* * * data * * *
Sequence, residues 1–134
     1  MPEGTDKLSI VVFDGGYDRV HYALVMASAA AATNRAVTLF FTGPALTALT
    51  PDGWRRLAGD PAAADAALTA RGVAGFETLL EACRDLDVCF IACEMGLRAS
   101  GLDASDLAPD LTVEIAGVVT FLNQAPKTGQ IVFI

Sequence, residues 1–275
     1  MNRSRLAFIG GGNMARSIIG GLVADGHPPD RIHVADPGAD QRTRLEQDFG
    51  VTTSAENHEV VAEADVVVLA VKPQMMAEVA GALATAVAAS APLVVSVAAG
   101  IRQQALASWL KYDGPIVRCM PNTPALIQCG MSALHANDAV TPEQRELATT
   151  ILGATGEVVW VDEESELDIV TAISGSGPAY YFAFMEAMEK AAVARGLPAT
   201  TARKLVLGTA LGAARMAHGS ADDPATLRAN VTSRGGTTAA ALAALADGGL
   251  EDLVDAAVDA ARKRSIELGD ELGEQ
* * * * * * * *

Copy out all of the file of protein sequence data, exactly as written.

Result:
Sequence, residues 1–134
     1  MPEGTDKLSI VVFDGGYDRV HYALVMASAA AATNRAVTLF FTGPALTALT
    51  PDGWRRLAGD PAAADAALTA RGVAGFETLL EACRDLDVCF IACEMGLRAS
   101  GLDASDLAPD LTVEIAGVVT FLNQAPKTGQ IVFI

Sequence, residues 1–275
     1  MNRSRLAFIG GGNMARSIIG GLVADGHPPD RIHVADPGAD QRTRLEQDFG
    51  VTTSAENHEV VAEADVVVLA VKPQMMAEVA GALATAVAAS APLVVSVAAG
   101  IRQQALASWL KYDGPIVRCM PNTPALIQCG MSALHANDAV TPEQRELATT
   151  ILGATGEVVW VDEESELDIV TAISGSGPAY YFAFMEAMEK AAVARGLPAT
   201  TARKLVLGTA LGAARMAHGS ADDPATLRAN VTSRGGTTAA ALAALADGGL
   251  EDLVDAAVDA ARKRSIELGD ELGEQ